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Issue 48, 2018
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Peptide-directed encapsulation of inorganic nanoparticles into protein containers

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Abstract

Biomolecules can be combined with inorganic compounds to unite biological features with the chemical and physical properties of abiotic materials. In particular, protein containers, with their inherent ability to encapsulate cargo molecules, are perfect platforms for the generation of multifunctional assemblies. However, encapsulation of foreign cargo is immensely challenging due to the lack of specific interactions between cargo and container. Here, we demonstrate that the highly specific cargo-loading mechanism of the bacterial nanocompartment encapsulin can be employed for encapsulation of artificial cargo like inorganic nanoparticles. For this purpose, container-filling gold nanoparticles were decorated with a small number of encapsulin cargo-loading peptides. By lock-and-key interaction between the peptides and the peptide-binding pockets on the inner container surface, the nanoparticles are encapsulated into encapsulin with extremely high efficiency. Most notably, peptide binding is independent from external factors such as ionic strength. Cargo-loading peptides may serve as generally applicable tool for efficient and specific encapsulation of cargo molecules into a proteinaceous compartment.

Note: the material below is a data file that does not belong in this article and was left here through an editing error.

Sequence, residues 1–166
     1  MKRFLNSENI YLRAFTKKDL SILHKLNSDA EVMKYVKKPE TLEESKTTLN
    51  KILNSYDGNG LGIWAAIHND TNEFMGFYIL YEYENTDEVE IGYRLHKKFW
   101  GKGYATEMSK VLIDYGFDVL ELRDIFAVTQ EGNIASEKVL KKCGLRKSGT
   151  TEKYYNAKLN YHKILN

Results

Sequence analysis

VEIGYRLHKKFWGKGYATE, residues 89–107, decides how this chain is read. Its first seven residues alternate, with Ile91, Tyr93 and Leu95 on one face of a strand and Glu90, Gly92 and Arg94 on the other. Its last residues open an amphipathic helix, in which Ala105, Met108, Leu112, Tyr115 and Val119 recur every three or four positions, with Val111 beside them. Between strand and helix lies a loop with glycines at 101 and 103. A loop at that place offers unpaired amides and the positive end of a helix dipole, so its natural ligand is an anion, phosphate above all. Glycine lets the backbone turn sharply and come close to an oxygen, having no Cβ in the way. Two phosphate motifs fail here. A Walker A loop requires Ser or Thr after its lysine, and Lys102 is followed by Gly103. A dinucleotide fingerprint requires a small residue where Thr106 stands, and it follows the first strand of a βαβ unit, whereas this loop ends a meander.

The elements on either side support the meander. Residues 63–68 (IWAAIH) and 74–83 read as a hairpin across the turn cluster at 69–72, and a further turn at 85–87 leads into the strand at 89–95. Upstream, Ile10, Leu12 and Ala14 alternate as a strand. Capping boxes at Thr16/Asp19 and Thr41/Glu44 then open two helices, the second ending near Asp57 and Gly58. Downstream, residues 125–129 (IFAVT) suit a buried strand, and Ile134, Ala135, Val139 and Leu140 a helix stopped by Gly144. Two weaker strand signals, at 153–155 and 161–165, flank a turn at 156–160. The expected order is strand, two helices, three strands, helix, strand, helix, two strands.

Graphical abstract: Peptide-directed encapsulation of inorganic nanoparticles into protein containers

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Publication details

The article was received on 02 Aug 2018, accepted on 25 Nov 2018 and first published on 26 Nov 2018


Article type: Paper
DOI: 10.1039/C8NR06236F
Citation: Nanoscale, 2018,10, 22917-22926
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    Peptide-directed encapsulation of inorganic nanoparticles into protein containers

    M. Künzle, J. Mangler, M. Lach and T. Beck, Nanoscale, 2018, 10, 22917
    DOI: 10.1039/C8NR06236F

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